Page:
Not an ounce of that treachery in Ruby, not an ounce, just well-wishing and sharing and everything positive. To encounter Ruby Shaw and to be hugged by her was an event, a blessing, and in that hug, we felt the world would be a better, more gentle place, and it was, because Ruby was part of our world.

In the end, her legacy is one of generosity, a generous spirit, and to describe Ruby, I turn the Holy Bible, the King James version, and this summation is one that far surpasses anything I could share: from the Old Testament, the Book of Proverbs: Chapter 31:10-31 King James Version (KJV)

“Who can find a virtuous woman? for her price is far above rubies.

The heart of her husband doth safely trust in her, so that he shall have no need of spoil.

She will do him good and not evil all the days of her life.

She seeketh wool, and flax, and worketh willingly with her hands.

She is like the merchants' ships; she bringeth her food from afar.

She riseth also while it is yet night, and giveth meat to her household, and a portion to her maidens.

She considereth a field, and buyeth it: with the fruit of her hands she planteth a vineyard.

She girdeth her loins with strength, and strengtheneth her arms.

She perceiveth that her merchandise is good: her candle goeth not out by night.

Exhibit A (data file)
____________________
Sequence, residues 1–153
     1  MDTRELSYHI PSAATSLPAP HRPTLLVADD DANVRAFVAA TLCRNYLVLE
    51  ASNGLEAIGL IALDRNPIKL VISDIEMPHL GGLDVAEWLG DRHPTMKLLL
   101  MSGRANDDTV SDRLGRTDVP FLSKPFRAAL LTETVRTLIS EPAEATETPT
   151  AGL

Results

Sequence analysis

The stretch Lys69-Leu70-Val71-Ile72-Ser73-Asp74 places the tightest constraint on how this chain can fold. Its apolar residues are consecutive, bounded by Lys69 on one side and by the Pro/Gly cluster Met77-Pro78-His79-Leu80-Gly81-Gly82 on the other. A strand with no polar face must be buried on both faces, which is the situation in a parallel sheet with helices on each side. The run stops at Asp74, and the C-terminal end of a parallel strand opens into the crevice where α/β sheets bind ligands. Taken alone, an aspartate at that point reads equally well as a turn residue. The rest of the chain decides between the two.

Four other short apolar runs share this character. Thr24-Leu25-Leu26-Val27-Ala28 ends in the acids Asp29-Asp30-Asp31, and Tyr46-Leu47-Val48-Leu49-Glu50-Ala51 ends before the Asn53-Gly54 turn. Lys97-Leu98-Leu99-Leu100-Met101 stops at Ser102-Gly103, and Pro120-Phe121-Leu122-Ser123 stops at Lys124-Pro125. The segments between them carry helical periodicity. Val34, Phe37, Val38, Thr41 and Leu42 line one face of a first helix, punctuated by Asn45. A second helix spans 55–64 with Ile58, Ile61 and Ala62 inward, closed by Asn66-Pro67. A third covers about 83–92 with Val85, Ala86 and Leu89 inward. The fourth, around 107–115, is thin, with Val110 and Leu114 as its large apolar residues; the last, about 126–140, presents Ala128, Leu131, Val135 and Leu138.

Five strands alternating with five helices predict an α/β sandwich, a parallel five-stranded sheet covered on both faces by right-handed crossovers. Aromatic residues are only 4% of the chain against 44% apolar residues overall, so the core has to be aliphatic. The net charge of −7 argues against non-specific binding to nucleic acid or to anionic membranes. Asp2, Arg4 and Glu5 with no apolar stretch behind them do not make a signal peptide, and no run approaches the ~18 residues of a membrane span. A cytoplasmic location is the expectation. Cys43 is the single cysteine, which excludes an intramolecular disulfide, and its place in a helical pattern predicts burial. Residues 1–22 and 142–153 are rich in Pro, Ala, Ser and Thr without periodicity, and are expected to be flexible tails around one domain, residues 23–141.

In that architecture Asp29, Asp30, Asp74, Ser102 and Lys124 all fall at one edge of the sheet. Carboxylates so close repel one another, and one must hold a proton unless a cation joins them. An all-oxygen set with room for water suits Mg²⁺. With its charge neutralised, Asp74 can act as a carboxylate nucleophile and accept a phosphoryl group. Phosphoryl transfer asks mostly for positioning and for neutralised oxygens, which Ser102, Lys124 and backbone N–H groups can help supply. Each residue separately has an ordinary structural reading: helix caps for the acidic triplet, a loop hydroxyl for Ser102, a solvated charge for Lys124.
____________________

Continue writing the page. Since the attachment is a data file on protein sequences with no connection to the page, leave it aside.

She layeth her hands to the spindle, and her hands hold the distaff.

She stretcheth out her hand to the poor; yea, she reacheth forth her hands to the needy.

She is not afraid of the snow for her household: for all her household are clothed with scarlet.

She maketh herself coverings of tapestry; her clothing is silk and purple.

Her husband is known in the gates, when he sitteth among the elders of the land.

She maketh fine linen, and selleth it; and delivereth girdles unto the merchant.

Strength and honour are her clothing; and she shall rejoice in time to come.

She openeth her mouth with wisdom; and in her tongue is the law of kindness.

She looketh well to the ways of her household, and eateth not the bread of idleness.

Her children arise up, and call her blessed; her husband also, and he praiseth her.

Many daughters have done virtuously, but thou excellest them all.

Favour is deceitful, and beauty is vain: but a woman that feareth the Lord, she shall be praised.

Give her of the fruit of her hands; and let her own works praise her in the gates.”

To the family and loved ones of the late Ruby Shaw, please know you are in our prayers today and in the days ahead. Sometimes when you feel a bit down thinking of her no longer being in your life, turn it around, and, for a minute, taste that homemade peanut brittle, remember the aroma of a pound cake baking in her oven, and truly, with all your heart, thank God, you had that kind of unconditional love bless your life.

From the Eight Mile Still on the Woodpecker Route north of White Springs, wishing you a day filled with joy, peace, and, above all, lots of love and laughter.